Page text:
Crews remove oak tree Helen Keller climbed as a girl

23 Sep 2015 | Author: | No comments yet »

Beloved oak tree at Helen Keller’s childhood home in Alabama cut down.

TUSCUMBIA, Ala. (AP) — Workers at the birthplace of Helen Keller had to cut down a more than 200-year-old oak tree that the famed activist and writer climbed as a girl. Helen Keller’s beloved water oak tree — made famous by the tale in her autobiography in which she had to be rescued from its branches during a storm — has been cut down after standing for over two centuries.

Alabama Department of Economic and Community Affairs officials say the vehicle will travel throughout the state offering on-site help to people who have been laid off or lost jobs because of business closures. Executive director Sue Pilkilton told the TimesDaily ( ) in a story published Tuesday that the tree was damaged by a tornado in July. The storm that took down part of the tree in July carried with it a category EF1 tornado, and it wasn’t the first EF1 to rock the tree, says Pilkilton.

Keller lost her sight and hearing to illness as a 19-month-old child but triumphed over her disabilities to become a role model and advocate for others with similar limitations. The relationship between Sullivan and Keller, who wrote more than a dozen books beginning in 1902 when she was still a student at Radcfliffe College in Boston, was the subject of the 1962 movie “The Miracle Worker.” She says officials and schools in the community were behind the event once the court agreed to travel to Huntsville. “We are having twelve hundred high school government students come and hear the oral argument, so we wanted to make sure that was something the school systems were interested in and would support, and they have.” Heath says she hopes the hearing will educate students about how the appellate system works. As of yet, Weaver says that no decision has been made as to what will happen to Helen Keller’s tree, but the wood was not mulched after it was cut down.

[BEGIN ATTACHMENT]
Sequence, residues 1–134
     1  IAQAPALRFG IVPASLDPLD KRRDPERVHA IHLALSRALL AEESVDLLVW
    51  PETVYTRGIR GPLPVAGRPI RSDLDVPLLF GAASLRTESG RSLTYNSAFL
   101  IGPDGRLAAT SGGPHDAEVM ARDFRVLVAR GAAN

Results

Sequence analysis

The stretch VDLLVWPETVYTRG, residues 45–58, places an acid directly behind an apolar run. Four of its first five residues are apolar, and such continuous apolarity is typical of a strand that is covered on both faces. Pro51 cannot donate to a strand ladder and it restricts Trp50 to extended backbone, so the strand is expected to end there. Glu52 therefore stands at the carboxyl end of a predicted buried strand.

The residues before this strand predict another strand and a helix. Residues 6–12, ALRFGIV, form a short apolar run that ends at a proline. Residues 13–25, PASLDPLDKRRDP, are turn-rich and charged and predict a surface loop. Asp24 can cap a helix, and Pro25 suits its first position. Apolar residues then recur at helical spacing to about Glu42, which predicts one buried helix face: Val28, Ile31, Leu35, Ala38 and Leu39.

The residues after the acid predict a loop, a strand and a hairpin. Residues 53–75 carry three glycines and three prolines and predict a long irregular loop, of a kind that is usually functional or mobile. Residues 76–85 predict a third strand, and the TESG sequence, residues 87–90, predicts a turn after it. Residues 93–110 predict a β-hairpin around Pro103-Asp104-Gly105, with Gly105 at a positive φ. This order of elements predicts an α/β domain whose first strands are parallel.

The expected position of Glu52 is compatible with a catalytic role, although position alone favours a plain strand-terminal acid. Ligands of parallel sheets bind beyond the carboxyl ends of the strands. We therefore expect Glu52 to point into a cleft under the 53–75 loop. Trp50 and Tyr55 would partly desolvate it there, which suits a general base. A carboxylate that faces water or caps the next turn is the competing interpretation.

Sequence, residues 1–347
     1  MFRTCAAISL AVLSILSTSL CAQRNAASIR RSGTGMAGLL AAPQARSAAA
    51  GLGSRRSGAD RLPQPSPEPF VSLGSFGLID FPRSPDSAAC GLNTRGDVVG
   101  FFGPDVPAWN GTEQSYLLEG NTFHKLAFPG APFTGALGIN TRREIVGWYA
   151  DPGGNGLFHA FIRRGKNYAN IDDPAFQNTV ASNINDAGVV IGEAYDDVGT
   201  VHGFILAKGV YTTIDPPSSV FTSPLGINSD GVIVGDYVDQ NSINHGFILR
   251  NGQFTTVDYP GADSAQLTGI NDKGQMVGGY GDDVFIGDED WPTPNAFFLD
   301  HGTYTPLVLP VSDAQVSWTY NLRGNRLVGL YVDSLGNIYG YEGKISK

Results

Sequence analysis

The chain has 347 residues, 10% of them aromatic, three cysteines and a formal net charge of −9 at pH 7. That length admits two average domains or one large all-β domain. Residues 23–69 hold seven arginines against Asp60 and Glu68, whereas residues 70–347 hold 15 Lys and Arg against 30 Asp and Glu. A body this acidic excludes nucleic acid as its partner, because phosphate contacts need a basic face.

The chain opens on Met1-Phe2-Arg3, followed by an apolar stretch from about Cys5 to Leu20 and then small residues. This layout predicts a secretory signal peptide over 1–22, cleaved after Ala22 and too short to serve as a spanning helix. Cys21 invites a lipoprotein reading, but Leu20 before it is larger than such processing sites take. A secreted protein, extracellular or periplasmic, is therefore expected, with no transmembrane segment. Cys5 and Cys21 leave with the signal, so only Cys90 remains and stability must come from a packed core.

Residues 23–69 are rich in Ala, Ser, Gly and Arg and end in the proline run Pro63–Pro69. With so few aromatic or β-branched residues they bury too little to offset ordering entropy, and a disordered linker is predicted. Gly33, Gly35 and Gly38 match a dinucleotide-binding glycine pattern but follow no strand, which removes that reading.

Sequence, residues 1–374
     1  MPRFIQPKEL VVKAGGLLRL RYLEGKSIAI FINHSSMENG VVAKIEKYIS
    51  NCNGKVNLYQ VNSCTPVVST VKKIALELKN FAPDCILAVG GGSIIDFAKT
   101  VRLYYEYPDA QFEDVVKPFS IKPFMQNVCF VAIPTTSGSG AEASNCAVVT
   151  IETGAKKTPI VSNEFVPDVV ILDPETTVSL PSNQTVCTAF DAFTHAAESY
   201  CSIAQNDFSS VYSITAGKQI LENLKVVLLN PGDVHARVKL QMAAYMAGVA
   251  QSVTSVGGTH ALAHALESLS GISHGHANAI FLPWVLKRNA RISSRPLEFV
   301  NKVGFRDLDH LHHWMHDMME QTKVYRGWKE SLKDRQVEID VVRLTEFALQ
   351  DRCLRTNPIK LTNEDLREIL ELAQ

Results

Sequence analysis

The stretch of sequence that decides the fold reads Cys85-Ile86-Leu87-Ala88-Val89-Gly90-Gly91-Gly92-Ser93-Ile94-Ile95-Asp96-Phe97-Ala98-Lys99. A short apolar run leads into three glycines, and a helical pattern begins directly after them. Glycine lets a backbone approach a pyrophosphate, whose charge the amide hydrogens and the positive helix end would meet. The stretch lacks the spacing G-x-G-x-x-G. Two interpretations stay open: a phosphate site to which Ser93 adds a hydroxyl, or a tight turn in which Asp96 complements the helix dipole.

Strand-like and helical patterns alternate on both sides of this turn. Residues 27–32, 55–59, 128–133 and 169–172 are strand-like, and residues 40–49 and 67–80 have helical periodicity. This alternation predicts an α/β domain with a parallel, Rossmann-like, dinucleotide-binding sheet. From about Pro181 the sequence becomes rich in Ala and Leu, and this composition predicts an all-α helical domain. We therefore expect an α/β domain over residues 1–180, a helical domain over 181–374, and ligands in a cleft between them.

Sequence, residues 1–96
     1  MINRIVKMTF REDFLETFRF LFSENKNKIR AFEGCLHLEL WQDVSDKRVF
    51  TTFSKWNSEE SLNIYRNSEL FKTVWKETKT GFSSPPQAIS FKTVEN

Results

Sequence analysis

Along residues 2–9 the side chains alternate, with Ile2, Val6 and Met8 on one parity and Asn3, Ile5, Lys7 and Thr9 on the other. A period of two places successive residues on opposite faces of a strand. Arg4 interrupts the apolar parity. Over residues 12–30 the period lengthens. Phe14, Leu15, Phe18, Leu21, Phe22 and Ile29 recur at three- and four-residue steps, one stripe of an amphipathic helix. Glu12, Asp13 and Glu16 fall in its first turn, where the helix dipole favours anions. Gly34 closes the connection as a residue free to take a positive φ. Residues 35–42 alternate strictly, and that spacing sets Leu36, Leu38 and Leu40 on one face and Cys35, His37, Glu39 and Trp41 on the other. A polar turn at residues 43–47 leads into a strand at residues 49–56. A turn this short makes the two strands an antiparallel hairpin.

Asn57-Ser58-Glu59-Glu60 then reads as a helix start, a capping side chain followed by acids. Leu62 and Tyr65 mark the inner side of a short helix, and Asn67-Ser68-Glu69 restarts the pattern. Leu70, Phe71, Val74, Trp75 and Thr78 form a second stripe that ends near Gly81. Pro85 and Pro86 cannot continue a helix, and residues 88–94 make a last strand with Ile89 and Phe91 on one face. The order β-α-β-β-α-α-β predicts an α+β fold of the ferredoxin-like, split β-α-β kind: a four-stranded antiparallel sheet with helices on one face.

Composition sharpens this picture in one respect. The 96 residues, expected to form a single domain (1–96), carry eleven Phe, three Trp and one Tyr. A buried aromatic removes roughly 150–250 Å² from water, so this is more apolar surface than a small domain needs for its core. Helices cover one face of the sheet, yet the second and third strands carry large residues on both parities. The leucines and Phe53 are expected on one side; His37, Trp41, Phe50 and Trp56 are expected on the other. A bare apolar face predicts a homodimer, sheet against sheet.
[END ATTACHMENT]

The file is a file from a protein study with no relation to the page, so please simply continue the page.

APR student reporter Taylor Swinney reports how the landscape has changed… The tree which has been subject to severe damage over the last few years from tornadoes and bug infestation became a hazard to guests at the museum.

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